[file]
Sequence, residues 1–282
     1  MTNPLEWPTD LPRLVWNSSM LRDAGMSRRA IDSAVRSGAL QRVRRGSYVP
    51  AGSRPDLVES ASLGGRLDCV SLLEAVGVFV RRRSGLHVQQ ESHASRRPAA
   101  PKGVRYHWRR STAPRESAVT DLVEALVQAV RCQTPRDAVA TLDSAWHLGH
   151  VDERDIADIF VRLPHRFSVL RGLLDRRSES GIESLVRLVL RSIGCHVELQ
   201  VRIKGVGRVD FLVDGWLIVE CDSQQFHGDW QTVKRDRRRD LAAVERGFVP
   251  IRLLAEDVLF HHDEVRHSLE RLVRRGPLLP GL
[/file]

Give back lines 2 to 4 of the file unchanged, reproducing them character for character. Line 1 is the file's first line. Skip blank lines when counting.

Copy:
     1  MTNPLEWPTD LPRLVWNSSM LRDAGMSRRA IDSAVRSGAL QRVRRGSYVP
    51  AGSRPDLVES ASLGGRLDCV SLLEAVGVFV RRRSGLHVQQ ESHASRRPAA
   101  PKGVRYHWRR STAPRESAVT DLVEALVQAV RCQTPRDAVA TLDSAWHLGH